Tryton Medical announced on March 6 that the Food and Drug Administration has approved Tryton Side Branch Stent for the treatment of coronary bifurcation lesions involving large side branches, becoming the first dedicated bifurcation device to receive regulatory approval in the U.S.
In a post hoc analysis of a randomized clinical trial, treatment with the Tryton Side Branch Stent in the intended population of patients with large side branches (stent greater than 2.5mm) reduced the need for additional bailout stenting (0.7% vs. 5.6%, P = .02). It led to significantly lower side branch percent diameter stenosis at a 9-month follow-up (30.4% vs. 40.6%, P = .004) when compared with provisional stenting. The analysis also showed comparable major adverse cardiovascular events and myocardial infarction rates when compared with provisional stenting at 3 years.
“Treatment of complex lesions at the site of a bifurcation has historically been inconsistent, with results varying depending on the procedure and the experience of the interventionist,” said, Professor of Medicine at Dartmouth Hitchcock Medical Center, Lebanon, N.H., and Chief Medical Officer of Tryton Medical, in a press release. “A predictable bifurcation solution helps alleviate some of the stress in these procedures by limiting variability and reducing the need for bailout stenting. This important FDA decision could have a profound impact on treatment protocols and guidelines for significant bifurcation lesions in the years ahead.”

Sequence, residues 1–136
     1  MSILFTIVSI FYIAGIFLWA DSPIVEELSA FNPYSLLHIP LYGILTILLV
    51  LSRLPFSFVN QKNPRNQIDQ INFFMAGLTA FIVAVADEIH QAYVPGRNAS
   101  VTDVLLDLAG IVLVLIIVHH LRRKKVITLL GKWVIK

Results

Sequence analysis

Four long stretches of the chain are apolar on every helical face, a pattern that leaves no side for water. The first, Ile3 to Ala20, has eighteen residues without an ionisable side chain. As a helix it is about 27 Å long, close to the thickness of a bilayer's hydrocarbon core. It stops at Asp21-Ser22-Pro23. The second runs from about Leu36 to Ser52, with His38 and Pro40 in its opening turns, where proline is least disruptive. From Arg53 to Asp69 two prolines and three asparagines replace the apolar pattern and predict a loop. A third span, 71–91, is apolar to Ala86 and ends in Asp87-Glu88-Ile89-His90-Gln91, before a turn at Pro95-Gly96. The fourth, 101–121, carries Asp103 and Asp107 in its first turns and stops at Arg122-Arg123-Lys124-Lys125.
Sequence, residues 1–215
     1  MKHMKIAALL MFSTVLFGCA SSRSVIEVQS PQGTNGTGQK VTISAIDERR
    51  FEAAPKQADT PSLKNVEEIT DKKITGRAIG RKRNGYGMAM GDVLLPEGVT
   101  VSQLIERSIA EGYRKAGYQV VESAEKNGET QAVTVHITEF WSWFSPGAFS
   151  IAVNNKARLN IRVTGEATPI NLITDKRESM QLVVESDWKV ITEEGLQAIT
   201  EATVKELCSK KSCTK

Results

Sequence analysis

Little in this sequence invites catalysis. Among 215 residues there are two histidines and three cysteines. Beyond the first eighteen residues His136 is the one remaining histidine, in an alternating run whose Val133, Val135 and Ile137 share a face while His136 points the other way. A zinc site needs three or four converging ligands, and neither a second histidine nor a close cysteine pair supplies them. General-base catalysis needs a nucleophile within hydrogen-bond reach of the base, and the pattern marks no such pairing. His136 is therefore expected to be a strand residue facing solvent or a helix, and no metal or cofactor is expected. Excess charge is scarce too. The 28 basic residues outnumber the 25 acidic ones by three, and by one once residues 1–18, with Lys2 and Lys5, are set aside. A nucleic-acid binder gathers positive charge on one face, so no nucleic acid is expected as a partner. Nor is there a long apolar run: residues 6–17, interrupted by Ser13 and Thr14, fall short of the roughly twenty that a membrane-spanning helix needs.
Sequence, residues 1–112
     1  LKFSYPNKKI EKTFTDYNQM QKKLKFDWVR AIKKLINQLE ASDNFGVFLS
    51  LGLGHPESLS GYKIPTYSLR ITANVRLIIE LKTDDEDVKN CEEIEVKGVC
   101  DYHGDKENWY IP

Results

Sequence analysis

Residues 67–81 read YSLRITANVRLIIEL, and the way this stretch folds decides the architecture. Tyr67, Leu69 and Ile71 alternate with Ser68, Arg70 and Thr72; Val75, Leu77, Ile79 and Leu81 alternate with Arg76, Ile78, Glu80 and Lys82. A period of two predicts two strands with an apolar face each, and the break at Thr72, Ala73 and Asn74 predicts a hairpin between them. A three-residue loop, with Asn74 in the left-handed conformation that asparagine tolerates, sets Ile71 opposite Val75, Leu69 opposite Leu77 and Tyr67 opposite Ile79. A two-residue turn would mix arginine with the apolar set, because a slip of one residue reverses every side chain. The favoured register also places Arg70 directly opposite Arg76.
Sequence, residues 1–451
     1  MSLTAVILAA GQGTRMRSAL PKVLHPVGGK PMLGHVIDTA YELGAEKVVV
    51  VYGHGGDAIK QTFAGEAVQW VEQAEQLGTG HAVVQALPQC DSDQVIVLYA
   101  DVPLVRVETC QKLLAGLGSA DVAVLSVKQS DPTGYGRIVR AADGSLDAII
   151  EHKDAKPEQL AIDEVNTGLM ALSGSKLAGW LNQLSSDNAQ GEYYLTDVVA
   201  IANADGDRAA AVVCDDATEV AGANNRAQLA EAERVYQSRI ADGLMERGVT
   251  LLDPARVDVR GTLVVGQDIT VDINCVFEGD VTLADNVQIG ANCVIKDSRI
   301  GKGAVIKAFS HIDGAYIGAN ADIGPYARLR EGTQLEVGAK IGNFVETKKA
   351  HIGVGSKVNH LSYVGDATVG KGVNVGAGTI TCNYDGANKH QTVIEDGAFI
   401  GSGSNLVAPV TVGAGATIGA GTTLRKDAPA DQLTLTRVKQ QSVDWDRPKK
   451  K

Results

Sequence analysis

There have been no randomized studies to compare the results of percutaneous coronary interventions (PCI) with coronary artery bypass grafting in a bifurcation-only patient population. But this new device should benefit results from treatment using PCI.
Coronary artery disease is the leading cause of death in the U.S. in both men and women, and often results in. Provisional stenting of the main branch is the current standard of care, but in many cases the side branch is not stented, leaving it vulnerable to complications like occlusion requiring bailout stenting.
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